Showing posts with label tax avoidance. Show all posts
Showing posts with label tax avoidance. Show all posts

Thursday, December 1, 2016

Saving tax with Deferral of Capital Gains

While Capital Gain Taxes have been slashed in the recent budget to 10% and 20% (from the 18% and 28% that it used to be), CGT has remained unchanged for residential property gains. While the tax rate for gains is lower than the one for income, amounts tend to be much bigger and far appart, making it harder to use allowances and low rate bands.

This is where deferral comes in handy. The Enterprise Investment Scheme (EIS) provides one of the mechanisms that allows such a deferral. Most people misunderstand that the general EIS conditions for income tax relief are much more restrictive than the conditions for CGT deferral. In particular the requirement that one owns less than 30% of the company or that one is connected to the business only applies to the income tax relief component of the EIS, not the CGT deferral. Same thing for the requirement that the investment be held 3 years or more: if you sell earlier the deferral just ends then (see HMRC note).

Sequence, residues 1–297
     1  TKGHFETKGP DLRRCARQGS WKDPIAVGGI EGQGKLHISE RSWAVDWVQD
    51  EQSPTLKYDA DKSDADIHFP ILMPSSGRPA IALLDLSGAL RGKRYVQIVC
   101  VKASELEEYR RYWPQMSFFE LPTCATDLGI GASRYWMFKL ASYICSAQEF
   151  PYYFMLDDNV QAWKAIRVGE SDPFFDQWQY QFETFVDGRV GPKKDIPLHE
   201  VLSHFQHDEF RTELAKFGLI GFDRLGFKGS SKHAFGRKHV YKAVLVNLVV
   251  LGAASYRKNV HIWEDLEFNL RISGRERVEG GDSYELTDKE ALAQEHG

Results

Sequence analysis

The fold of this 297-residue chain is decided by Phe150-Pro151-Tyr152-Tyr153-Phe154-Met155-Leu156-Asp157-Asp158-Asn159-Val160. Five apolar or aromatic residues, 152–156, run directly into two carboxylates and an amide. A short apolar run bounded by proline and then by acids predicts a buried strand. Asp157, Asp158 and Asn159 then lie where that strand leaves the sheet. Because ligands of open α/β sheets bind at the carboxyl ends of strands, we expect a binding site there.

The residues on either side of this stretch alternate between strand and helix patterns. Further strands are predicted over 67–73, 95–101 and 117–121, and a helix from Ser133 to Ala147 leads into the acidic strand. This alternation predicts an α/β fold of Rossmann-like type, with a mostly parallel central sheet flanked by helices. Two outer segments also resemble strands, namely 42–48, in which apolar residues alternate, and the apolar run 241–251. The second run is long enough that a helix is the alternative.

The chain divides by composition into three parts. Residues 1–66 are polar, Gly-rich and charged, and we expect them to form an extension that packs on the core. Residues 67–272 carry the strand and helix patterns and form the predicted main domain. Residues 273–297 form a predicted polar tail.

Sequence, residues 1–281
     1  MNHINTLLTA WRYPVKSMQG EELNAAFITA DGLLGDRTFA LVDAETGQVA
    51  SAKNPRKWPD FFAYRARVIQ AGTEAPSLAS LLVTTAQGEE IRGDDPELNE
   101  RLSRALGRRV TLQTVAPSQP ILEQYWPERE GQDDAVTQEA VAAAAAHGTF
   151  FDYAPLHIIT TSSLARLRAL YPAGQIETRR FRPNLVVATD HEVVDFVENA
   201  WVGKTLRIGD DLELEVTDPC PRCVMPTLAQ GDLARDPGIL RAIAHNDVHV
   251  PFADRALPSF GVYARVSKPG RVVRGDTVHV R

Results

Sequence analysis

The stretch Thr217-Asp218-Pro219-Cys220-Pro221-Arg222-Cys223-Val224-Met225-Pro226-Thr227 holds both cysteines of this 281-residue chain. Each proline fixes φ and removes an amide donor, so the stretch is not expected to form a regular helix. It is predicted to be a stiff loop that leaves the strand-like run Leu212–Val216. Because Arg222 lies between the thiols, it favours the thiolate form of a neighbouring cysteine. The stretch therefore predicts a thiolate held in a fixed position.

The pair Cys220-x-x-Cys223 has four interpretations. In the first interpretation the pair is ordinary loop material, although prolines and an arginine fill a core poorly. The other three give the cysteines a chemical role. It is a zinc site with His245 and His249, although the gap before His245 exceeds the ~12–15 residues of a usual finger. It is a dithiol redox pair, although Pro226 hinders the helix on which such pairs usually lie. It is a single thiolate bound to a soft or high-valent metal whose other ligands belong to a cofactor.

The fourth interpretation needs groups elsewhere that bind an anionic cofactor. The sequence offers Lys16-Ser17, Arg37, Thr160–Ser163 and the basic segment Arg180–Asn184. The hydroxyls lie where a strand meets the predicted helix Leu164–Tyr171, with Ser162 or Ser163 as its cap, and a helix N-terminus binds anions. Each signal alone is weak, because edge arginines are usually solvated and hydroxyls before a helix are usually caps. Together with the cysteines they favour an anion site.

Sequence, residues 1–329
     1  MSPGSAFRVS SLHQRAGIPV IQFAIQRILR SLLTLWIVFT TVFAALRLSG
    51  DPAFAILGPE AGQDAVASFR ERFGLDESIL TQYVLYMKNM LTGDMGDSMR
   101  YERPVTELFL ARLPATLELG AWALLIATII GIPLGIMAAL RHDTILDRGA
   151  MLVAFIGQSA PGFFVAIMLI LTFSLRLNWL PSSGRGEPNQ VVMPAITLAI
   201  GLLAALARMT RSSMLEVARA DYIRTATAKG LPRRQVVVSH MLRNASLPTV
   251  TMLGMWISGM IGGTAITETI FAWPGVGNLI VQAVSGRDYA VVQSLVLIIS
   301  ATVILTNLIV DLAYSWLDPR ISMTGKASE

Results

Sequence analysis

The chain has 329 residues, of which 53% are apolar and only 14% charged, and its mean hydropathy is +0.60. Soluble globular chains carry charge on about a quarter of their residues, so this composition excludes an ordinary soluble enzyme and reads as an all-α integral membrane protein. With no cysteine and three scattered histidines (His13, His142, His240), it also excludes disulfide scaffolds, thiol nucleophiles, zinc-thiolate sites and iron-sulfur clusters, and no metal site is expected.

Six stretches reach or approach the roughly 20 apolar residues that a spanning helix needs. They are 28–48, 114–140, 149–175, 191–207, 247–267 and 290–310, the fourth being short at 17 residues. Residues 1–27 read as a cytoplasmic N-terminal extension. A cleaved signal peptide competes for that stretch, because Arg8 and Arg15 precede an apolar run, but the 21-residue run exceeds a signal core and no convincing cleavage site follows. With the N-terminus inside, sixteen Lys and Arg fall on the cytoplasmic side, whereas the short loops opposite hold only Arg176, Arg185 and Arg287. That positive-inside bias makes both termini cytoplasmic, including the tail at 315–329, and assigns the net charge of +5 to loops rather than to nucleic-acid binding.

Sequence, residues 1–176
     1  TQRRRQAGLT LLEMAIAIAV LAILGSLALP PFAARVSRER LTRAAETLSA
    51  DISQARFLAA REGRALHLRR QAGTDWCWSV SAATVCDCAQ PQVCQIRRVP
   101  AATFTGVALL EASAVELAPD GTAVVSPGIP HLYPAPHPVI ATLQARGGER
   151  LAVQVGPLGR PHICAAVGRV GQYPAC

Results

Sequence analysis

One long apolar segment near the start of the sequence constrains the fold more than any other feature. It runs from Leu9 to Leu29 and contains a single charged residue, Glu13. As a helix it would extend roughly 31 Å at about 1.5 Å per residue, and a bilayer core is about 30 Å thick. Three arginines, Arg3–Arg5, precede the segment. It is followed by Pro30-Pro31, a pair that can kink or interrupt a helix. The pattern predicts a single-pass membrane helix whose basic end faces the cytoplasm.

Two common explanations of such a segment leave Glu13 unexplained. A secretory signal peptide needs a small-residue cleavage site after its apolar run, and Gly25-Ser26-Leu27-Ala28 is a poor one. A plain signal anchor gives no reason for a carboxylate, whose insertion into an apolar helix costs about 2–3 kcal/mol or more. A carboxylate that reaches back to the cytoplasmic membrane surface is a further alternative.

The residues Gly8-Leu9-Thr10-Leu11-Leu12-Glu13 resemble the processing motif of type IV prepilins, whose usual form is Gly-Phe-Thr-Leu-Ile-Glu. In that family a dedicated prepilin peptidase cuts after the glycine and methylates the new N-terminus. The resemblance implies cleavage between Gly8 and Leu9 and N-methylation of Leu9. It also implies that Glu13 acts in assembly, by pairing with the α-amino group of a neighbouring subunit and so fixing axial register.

Tuesday, February 17, 2015

HMRC defeats film scheme in ‘watershed’ ruling

HM Revenue & Customs has defeated in the Court of Appeal a tax avoidance scheme which made false investments into Disney films. Eclipse 35 LLP claimed to trade in film rights but has been defined as a tax avoidance scheme by UK courts. HMRC said an estimated £635m in tax has been "protected" by the scheme's defeat. Investors into the scheme borrowed money which qualified for interest relief claims because it was intended for trade use. Eclipse used the money to acquire the rights to Disney films before sub-leasing them back to a different Disney entity for a guaranteed income stream.

In reality, the borrowed money earned interest, which was then filtered through Eclipse as a tax-efficient trading transaction to pay the interest on investors’ loans. The Court of Appeal upheld its earlier tribunal decision, which ruled that investors were not eligible for interest relief and profits from Eclipse 35 because the partnership was not trading. There were 31 Eclipse partnerships that ran for between 11 and 20 years, but Eclipse 35 is the first to be taken into litigation.